If you are a manufacturer or distributor, most likely you use many modes to ship your freight, such as less-than-truckload freight shipping or LTL shipping. If you have any experience in shipping LTL, you know how volatile, process driven, and challenging it can be to make sure you get the best carrier, best time, best rate, and are making the best long term decisions. There are many things that go into effectively managing LTL freight and many factors that determine pricing. One of the most important factors is freight classification (read our post about how to determine freight class to understand freight classification at length).
The National Motor Freight Classification or NMFC is the standard for freight identification and classification. The NMFC provides a comparison of commodities moving in interstate, intrastate and foreign commerce. It is similar in concept to the groupings or grading systems that serve many other industries. Commodities are grouped into one of 18 classes—from a low of class 50 to a high of class 500—based on an evaluation of four transportation characteristics: density, stowability, handling and liability. Together, these characteristics establish a commodity’s “transportability.” – Source, the National Motor Freight Traffic Association.
Freight Classification Changes Impact Shippers: Those in the Know Have an Advantage
Every so often, however, the NMFC will make changes to the way your make your freight classifications, and this does impact shippers. Savvy shippers who are keeping up with all the changes or shippers who outsource to a logistics service provider who stays on top of all of these changes on behalf of the shipper the provider is managing freight for, will have a competitive edge. So how do freight classifications from the NMFC impact shippers?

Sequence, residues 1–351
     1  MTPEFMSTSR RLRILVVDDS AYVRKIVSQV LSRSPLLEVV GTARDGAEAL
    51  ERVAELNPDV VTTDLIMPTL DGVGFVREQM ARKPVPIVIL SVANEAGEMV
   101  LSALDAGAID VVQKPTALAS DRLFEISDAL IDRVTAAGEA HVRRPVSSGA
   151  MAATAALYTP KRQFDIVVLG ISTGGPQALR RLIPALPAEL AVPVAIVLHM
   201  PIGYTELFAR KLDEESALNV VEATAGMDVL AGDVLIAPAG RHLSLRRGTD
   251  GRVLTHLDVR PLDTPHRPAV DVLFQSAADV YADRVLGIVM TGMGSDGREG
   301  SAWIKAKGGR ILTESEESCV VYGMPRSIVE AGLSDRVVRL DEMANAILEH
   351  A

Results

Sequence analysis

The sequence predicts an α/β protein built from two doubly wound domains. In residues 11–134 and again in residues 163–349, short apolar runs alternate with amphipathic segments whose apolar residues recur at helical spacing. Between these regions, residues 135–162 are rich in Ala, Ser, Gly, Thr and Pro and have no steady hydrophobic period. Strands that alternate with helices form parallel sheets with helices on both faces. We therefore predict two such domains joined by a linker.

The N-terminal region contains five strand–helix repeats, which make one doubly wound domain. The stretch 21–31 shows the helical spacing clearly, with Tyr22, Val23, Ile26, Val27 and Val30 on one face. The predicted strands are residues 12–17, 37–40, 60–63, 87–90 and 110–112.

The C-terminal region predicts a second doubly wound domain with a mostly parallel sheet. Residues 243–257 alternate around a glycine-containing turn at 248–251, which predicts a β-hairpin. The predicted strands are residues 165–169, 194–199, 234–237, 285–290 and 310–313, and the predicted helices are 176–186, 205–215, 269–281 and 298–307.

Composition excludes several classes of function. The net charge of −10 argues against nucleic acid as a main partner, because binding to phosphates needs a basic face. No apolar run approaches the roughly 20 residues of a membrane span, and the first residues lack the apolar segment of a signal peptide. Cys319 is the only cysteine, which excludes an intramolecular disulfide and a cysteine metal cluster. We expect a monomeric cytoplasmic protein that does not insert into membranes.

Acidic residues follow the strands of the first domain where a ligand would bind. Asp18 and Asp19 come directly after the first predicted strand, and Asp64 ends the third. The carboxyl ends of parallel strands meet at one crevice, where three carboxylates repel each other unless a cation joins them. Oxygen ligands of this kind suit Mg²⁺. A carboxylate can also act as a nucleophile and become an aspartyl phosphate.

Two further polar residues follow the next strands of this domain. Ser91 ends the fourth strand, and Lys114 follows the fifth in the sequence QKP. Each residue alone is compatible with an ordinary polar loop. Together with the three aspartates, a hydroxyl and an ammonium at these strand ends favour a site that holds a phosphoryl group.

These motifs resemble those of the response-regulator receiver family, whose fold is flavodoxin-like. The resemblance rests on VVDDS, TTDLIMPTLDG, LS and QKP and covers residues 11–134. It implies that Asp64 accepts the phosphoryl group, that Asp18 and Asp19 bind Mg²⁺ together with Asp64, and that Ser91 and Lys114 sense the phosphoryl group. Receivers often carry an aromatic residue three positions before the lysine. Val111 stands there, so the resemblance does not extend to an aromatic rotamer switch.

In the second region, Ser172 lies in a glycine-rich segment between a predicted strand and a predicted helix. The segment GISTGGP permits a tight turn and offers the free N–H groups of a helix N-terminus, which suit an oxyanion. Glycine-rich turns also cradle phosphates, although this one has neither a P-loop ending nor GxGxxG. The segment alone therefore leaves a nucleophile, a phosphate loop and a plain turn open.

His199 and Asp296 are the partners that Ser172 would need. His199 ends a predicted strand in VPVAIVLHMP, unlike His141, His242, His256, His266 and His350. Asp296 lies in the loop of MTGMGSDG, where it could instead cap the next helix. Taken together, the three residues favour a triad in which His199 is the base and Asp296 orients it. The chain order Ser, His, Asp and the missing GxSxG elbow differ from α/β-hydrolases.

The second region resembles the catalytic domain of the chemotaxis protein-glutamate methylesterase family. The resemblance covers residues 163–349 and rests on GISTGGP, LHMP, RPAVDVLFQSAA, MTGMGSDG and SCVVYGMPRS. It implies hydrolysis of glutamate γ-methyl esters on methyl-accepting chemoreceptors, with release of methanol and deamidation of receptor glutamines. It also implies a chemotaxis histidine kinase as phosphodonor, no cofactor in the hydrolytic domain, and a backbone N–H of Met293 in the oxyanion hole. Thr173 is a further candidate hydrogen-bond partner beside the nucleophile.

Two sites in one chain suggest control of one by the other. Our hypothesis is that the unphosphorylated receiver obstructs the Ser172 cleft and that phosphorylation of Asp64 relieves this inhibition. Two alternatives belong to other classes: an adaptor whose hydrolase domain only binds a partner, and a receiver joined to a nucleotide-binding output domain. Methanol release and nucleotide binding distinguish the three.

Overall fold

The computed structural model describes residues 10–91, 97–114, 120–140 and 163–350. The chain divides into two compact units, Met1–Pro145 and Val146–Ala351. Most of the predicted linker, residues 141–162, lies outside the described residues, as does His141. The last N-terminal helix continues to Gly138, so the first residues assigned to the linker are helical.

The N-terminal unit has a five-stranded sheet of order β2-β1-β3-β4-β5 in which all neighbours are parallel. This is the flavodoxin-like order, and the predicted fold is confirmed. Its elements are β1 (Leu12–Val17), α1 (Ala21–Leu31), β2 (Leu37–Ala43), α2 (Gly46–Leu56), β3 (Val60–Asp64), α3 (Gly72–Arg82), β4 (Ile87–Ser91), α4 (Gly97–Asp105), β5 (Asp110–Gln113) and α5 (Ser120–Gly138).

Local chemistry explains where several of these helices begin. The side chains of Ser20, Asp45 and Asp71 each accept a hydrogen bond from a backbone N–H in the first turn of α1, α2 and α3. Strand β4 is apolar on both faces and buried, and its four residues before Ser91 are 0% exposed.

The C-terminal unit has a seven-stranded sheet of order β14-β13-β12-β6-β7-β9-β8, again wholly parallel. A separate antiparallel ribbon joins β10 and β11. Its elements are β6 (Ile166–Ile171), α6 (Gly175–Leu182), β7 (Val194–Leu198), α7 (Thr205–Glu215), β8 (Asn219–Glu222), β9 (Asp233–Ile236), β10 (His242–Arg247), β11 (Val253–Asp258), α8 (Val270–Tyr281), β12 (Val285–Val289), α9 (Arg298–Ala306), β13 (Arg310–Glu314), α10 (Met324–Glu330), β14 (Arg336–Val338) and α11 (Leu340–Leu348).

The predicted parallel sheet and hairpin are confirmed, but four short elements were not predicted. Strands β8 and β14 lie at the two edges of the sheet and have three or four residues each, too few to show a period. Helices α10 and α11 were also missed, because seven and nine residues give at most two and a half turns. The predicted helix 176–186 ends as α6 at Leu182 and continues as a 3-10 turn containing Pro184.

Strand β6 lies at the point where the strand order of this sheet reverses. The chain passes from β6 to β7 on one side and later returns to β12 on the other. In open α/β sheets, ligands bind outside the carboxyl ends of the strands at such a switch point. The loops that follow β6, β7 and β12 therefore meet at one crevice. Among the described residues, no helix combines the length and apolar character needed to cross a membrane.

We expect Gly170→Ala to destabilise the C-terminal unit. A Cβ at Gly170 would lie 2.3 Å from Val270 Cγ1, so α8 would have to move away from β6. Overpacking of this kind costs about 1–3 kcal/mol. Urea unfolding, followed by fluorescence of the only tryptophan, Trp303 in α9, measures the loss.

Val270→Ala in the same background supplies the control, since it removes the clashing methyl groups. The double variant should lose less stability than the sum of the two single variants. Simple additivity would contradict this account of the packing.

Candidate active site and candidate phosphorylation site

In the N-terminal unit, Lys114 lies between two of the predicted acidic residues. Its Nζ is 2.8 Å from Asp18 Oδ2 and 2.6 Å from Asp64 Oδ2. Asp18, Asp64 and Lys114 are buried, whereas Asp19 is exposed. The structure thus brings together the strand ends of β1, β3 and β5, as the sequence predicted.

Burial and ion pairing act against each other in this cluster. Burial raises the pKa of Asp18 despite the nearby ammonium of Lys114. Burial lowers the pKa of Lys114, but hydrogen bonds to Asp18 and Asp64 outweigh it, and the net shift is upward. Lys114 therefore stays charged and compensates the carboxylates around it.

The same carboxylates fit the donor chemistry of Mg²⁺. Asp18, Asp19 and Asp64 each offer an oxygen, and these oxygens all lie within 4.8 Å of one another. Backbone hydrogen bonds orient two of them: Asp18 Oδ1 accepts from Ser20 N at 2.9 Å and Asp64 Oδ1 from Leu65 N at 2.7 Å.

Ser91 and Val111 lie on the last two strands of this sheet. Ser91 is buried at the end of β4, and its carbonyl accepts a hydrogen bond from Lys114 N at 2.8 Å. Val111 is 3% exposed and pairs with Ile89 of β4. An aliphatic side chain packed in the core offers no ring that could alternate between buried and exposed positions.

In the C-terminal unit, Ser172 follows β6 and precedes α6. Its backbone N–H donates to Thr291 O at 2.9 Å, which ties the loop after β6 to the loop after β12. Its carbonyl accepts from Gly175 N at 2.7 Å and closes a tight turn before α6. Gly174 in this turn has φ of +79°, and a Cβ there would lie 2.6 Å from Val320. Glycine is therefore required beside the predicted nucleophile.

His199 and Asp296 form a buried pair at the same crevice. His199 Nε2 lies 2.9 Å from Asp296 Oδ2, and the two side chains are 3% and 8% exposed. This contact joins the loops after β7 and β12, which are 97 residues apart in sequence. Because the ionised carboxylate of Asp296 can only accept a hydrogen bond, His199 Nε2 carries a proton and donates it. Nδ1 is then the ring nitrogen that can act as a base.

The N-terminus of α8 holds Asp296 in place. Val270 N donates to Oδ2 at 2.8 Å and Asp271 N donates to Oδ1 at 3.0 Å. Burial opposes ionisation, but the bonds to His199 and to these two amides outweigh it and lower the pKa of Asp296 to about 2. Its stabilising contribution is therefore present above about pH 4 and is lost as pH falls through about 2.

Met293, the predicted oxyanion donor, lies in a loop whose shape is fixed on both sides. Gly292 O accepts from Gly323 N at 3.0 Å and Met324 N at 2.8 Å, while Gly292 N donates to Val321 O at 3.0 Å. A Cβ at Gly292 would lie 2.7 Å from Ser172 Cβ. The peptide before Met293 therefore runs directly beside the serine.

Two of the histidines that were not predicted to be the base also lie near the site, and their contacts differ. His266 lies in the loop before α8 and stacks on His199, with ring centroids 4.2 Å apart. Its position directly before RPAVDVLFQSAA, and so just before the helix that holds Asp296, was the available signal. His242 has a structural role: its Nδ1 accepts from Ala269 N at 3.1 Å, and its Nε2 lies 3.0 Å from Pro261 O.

Recent Changes to the National Motor Freight Classification System
The most notable change, which was a sign to come for a move towards density based rating, was on Dec. 1, 2012 for classifying computer equipment. Under the new classification, this product type moved to a density-based rating with the lowest possible class being 60 and the highest possible at 400.
2013 brought about additional freight classification changes that will likely affect LTL shipping costs for medical kits, hand tools, TVs, and other products. Again, the classification trend has been to favor density-based ratings.
The latest changes follow a pattern established years ago where more and more commodities are classified according to their density. Whether it be full density or just a few density brackets, more commodities have become the subject of density calculations to determine their freight classification. The march to full density on all freight has been ongoing and is the direct result of the growing pains of an archaic and ineffective freight classification system that the 200 plus members of National Motor Freight Traffic Association have been stuck with for decades.
Do all Carriers Rate by the NMFTA’s National Motor Freight Classification System?
Rooted in the pre-deregulation era where carriers were restricted in the type of freight they hauled, where they hauled it and the fees they charged, the NMFC list of commodities was necessarily small and pertaining to but of few of the myriad of freight that’s shipped today on trucks. The Board and the Association have been playing catch up in adding new commodities and doing their best to classify them, but it’s been at best a moving target. This being said, not all LTL carriers operating in the US are part of the National Motor Freight Association and as such they don’t have to adhere to its classes and rules. Most of them have forged a business case by classifying (and thus rating) everything based on its density.